1998 Mustang GT 4.6 engine coolant temperature sensor questions - Ford Mustang Forum
 
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post #1 of 4 (permalink) Old 11-21-2008 Thread Starter
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Question 1998 Mustang GT 4.6 engine coolant temperature sensor questions

A few days ago I started having problems getting the engine to stay started and idle when cold. Checked out the ECT sensor and found it was reading about 250 ohms when cold (when it should have been around 30-40k Ohm if I read correctly). Also found that rather than 4 volts on the yellow-green wire connector, I was getting about 9. Not sure if that's a major problem or expected. Mind you, that was with the key on but the engine not running.

Replaced the sensor and disconnected the battery for a few seconds to cycle the computer. The new sensor reads 37.5kOhm when the engine is at outdoor temperature (50-60 degrees). I haven't yet verified that the resistance goes down after the engine has been running for a while, as I just noticed the temperature gauge reading cold on my way down to work today. (I do plan to check that once I get home with the engine still warm.)

Post-replacement, I notice that the temperature gauge on the dash is always reading totally cold (it actually goes backwards after I turn the key on). So a few questions:

1. Is there a different sensor for the gauge on the dash, or does it read off the same sensor? What I changed was immediately to the left of the alternator standing straight up.
2. Could the bad sensor I had have been masking a broken thermostat? (I do get warm air off the car heater, but I wouldn't call it "hot")
3. Is there any way I could have changed the wrong thing (ie, if the answer to 1 is 'yes' and the two sensors look otherwise alike)?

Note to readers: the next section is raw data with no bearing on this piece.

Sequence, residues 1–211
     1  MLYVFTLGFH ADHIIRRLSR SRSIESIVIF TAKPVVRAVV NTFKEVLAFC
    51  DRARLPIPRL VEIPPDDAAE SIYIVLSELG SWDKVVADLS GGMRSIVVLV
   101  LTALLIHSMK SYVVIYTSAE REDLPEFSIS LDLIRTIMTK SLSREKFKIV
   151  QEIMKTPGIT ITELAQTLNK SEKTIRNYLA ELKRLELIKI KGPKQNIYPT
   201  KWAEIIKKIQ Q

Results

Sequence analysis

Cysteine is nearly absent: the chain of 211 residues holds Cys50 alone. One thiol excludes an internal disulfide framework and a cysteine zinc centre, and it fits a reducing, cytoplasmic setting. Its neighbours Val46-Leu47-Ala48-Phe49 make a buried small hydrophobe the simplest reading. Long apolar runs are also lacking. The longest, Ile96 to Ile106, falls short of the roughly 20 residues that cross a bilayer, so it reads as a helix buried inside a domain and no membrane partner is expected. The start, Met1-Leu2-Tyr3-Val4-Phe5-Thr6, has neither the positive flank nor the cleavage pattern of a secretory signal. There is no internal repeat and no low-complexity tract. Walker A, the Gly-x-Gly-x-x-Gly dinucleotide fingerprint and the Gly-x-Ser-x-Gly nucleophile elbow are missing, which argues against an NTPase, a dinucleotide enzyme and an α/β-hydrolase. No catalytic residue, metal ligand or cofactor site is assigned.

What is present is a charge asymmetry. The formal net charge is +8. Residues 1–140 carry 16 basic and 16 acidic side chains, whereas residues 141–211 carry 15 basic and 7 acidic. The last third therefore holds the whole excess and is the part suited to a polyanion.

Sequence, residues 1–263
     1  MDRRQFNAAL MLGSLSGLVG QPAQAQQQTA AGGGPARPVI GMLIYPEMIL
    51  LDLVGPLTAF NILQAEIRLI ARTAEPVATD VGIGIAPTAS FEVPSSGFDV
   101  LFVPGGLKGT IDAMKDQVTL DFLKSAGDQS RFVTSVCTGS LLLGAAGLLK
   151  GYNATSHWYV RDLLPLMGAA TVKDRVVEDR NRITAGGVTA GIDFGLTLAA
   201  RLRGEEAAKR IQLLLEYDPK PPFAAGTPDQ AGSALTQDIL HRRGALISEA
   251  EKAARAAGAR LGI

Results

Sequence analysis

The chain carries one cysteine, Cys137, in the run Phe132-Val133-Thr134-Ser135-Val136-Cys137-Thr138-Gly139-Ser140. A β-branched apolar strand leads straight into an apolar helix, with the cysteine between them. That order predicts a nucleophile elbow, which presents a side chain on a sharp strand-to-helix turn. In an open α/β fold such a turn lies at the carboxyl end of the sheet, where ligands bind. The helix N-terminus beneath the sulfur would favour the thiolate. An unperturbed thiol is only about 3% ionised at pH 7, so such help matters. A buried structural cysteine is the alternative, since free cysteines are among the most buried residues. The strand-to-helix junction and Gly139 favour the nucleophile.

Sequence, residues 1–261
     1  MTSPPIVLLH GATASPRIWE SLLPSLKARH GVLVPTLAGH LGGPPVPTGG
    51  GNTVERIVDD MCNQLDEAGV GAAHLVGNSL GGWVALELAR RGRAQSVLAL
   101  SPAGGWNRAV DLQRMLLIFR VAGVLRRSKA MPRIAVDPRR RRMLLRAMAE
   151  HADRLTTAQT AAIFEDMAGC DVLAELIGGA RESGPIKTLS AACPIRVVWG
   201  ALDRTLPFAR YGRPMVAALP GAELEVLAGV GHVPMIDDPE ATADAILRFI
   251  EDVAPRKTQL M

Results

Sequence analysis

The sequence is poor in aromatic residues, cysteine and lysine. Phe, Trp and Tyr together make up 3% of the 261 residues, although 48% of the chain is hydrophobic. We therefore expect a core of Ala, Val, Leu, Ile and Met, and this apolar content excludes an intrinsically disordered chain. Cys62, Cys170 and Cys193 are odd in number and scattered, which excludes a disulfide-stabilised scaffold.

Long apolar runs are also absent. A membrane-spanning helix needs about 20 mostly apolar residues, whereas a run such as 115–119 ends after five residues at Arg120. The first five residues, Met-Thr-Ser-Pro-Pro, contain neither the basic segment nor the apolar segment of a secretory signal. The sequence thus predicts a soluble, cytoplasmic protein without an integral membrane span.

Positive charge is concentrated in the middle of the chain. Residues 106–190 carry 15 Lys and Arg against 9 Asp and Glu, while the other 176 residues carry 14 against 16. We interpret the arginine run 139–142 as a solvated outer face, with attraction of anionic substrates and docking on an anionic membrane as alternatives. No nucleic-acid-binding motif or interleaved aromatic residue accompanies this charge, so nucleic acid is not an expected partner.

4. Is there anything one has to do to "recalibrate" the computer after changing a sensor or anything like that?
5. Anything else I should be checking?
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post #2 of 4 (permalink) Old 11-22-2008
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Quote:
Originally Posted by spatula View Post
A few days ago I started having problems getting the engine to stay started and idle when cold. Checked out the ECT sensor and found it was reading about 250 ohms when cold (when it should have been around 30-40k Ohm if I read correctly). Also found that rather than 4 volts on the yellow-green wire connector, I was getting about 9. Not sure if that's a major problem or expected. Mind you, that was with the key on but the engine not running.

Replaced the sensor and disconnected the battery for a few seconds to cycle the computer. The new sensor reads 37.5kOhm when the engine is at outdoor temperature (50-60 degrees). I haven't yet verified that the resistance goes down after the engine has been running for a while, as I just noticed the temperature gauge reading cold on my way down to work today. (I do plan to check that once I get home with the engine still warm.)